A week of complex legislative issues: assisted dying, genome editing, canonical marriage annulment, and “Purdah” and the European referendum
Assisted Dying (No. 2) Bill
The big news of the week was that Rob Marris’ Private Member’s Bill – the Assisted Dying (No. 2) Bill – was heavily defeated on second reading, by 330 votes to 118 – a majority of 212: you can read the debate here. Reactions were inevitably mixed: the Church of England issued a statement in which the Bishop of Carlisle, lead bishop on health care issues, said that the Church was “heartened” that MPs had decided not to change the law. The British Humanist Association, on the other hand, recalling that the Supreme Court had declared that it was willing to consider whether the lack of a right to die breached the European Convention on Human Rights but thought that Parliament should first have the opportunity to legislate on the matter, said that “the fight on assisted dying must now return to the courts”.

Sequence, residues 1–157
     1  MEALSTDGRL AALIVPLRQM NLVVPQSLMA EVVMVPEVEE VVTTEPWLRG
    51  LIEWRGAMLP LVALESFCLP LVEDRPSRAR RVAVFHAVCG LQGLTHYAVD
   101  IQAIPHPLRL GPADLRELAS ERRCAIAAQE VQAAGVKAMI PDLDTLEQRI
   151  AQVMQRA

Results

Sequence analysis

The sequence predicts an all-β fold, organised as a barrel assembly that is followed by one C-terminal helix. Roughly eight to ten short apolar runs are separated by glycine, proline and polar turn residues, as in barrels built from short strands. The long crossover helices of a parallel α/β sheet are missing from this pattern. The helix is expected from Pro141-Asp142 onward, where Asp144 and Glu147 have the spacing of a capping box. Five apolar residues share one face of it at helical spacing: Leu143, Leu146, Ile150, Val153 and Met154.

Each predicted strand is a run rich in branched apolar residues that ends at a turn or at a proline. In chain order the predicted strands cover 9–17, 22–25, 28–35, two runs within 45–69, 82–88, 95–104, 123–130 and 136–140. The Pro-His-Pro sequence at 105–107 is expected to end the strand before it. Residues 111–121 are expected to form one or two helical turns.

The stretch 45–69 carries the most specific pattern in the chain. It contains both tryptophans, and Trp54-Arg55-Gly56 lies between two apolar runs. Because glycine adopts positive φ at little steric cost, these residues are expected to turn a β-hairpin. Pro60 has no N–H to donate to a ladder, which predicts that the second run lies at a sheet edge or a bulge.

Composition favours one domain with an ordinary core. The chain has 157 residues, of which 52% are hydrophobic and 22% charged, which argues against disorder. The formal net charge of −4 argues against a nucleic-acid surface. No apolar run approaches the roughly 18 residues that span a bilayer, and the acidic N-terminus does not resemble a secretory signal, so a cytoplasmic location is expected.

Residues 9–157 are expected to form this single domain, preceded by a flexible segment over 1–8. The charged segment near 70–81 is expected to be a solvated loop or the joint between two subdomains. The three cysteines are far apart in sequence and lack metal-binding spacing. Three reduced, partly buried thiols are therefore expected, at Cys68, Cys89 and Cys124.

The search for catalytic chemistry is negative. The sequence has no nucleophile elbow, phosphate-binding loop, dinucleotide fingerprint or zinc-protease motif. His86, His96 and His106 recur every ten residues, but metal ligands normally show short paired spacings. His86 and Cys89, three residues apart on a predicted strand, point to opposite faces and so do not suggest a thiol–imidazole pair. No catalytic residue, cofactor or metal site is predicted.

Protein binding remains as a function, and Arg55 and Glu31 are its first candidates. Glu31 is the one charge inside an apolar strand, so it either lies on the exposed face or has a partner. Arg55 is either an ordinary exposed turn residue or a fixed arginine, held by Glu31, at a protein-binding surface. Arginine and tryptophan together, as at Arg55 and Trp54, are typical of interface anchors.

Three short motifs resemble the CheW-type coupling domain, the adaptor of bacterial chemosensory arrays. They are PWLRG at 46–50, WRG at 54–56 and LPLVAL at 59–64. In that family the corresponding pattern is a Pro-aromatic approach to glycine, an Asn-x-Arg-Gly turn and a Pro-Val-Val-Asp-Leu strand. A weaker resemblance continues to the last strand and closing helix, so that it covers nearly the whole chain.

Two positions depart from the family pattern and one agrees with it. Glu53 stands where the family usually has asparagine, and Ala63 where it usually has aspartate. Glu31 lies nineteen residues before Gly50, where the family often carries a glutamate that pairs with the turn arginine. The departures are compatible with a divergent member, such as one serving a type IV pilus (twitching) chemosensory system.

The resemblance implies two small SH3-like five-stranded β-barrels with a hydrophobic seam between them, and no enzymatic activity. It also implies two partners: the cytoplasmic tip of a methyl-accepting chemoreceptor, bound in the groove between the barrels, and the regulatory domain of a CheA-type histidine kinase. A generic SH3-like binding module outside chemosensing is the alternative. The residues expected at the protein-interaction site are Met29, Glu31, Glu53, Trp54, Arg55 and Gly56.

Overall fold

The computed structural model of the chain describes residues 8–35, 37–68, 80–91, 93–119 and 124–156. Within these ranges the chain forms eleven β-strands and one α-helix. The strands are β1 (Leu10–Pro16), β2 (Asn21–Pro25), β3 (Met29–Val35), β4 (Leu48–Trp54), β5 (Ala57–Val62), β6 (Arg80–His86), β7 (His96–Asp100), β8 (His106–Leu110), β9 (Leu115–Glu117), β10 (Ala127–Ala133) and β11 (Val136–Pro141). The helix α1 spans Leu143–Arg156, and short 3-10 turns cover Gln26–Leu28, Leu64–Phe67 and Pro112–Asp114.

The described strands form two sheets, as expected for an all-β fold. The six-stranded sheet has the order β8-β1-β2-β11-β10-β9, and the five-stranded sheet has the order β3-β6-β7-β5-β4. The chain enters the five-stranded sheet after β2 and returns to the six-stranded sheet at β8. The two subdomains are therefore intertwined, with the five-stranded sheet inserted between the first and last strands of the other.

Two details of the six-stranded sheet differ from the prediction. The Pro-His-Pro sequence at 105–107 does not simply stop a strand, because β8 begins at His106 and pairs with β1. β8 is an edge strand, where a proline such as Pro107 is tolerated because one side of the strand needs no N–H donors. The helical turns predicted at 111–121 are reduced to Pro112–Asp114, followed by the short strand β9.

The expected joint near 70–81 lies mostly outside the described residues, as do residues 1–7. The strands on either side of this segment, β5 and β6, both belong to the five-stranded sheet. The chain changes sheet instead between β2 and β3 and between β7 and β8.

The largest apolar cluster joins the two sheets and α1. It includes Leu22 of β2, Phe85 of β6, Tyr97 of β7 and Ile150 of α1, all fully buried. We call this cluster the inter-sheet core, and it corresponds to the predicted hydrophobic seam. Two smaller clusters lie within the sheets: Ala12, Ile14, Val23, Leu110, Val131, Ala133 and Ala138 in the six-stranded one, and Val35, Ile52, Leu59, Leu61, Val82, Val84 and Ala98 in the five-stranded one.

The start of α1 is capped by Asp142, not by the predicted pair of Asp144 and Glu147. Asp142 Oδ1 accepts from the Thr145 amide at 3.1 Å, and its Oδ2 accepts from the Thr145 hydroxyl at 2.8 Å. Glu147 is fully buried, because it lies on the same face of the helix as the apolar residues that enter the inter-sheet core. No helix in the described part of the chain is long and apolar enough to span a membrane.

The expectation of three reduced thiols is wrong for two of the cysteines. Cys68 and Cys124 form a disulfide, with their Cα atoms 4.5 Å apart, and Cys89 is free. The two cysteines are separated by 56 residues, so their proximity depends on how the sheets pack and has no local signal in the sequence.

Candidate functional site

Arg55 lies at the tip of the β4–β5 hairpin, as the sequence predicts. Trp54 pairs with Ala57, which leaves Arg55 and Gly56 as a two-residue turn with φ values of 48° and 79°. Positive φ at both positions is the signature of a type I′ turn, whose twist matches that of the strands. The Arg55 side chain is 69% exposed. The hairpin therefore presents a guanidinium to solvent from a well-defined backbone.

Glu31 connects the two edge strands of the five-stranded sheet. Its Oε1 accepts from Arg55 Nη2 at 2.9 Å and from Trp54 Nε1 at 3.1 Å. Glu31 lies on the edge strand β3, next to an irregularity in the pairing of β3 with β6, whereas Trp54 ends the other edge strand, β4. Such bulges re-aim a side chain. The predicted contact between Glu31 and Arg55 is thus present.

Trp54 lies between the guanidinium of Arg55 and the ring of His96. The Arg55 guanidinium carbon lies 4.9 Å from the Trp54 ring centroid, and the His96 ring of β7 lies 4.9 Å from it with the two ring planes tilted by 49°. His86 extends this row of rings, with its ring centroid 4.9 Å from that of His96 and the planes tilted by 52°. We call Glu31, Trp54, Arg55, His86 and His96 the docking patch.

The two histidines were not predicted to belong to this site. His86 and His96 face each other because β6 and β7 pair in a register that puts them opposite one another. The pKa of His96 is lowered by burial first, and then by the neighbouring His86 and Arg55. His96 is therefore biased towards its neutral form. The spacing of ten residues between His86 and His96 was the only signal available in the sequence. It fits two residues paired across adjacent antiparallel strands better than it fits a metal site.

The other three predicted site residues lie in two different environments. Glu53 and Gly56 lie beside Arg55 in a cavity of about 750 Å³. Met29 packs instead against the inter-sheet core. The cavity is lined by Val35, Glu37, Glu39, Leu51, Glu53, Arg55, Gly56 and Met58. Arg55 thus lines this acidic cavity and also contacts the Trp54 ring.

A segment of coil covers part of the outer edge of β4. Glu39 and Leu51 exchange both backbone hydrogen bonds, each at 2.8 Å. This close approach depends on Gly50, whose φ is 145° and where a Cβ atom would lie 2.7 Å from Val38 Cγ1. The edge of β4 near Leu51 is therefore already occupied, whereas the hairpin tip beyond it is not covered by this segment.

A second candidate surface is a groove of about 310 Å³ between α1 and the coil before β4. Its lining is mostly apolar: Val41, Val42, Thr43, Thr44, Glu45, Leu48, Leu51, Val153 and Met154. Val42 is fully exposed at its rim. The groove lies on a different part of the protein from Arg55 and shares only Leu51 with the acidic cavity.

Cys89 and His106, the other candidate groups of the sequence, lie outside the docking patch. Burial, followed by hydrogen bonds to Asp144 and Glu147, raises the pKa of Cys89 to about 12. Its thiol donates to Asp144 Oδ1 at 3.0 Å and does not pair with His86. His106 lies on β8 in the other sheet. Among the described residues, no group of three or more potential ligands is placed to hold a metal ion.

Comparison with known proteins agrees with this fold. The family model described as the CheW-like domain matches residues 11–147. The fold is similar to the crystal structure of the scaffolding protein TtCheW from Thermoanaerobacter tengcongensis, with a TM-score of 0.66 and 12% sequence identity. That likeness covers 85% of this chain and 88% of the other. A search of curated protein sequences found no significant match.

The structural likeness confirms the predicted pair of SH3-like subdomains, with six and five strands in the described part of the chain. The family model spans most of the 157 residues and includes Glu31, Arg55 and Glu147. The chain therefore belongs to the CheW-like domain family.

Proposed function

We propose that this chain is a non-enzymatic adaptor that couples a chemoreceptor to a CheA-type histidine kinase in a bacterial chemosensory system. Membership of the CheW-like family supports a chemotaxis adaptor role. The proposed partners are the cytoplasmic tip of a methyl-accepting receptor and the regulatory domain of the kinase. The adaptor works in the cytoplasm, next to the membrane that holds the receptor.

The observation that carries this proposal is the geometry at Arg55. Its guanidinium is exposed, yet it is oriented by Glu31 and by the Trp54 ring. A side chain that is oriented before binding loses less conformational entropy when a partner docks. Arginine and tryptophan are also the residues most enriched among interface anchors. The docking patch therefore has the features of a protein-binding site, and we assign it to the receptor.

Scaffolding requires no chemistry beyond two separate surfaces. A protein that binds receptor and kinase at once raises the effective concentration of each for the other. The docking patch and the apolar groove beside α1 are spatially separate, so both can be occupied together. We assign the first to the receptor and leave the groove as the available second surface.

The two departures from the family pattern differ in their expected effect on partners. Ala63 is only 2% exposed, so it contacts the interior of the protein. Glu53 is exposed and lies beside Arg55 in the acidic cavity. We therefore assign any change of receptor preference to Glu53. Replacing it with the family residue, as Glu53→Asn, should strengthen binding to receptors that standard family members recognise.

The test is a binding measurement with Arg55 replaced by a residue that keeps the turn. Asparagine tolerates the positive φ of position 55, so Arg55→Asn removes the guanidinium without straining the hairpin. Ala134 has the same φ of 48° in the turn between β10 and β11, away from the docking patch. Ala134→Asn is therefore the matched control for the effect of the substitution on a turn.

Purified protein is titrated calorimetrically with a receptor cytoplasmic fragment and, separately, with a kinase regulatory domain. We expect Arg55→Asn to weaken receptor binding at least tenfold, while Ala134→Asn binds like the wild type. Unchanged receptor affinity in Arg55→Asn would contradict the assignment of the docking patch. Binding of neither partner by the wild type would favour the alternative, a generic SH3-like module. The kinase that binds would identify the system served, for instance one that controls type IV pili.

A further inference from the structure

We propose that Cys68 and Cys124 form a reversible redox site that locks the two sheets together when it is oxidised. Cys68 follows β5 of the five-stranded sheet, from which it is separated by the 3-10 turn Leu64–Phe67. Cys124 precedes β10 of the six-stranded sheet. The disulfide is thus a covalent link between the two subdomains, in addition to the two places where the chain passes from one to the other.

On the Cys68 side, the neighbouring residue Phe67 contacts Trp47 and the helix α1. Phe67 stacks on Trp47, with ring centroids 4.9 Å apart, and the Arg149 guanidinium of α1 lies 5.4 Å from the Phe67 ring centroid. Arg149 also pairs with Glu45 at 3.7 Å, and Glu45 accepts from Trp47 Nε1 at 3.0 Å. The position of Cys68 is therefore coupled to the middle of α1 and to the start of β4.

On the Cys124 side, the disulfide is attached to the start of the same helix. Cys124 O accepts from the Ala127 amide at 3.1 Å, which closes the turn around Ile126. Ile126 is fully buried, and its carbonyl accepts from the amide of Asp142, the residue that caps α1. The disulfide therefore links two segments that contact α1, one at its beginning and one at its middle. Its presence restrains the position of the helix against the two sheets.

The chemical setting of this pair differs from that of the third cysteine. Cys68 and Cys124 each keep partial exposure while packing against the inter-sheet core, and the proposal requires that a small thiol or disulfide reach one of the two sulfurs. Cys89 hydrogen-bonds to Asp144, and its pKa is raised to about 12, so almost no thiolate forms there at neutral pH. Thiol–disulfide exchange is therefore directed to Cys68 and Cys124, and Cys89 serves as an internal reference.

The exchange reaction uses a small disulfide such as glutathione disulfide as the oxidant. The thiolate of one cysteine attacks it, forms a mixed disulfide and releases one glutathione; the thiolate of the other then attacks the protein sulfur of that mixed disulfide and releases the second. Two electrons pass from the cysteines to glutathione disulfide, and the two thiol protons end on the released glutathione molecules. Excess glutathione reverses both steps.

European Referendum Bill
The other major parliamentary news was the House of Commons report and third reading stages of the European Referendum Bill on Monday 7 September 2015. Mark D’Arcy, the BBC’s Political Correspondent, noted that “anti-EU Tories have been organising furiously to ensure that their forces are marshalled. And in an amendment paper of fiendish complexity there is a galaxy of proposed changes to the legislation”. Continue reading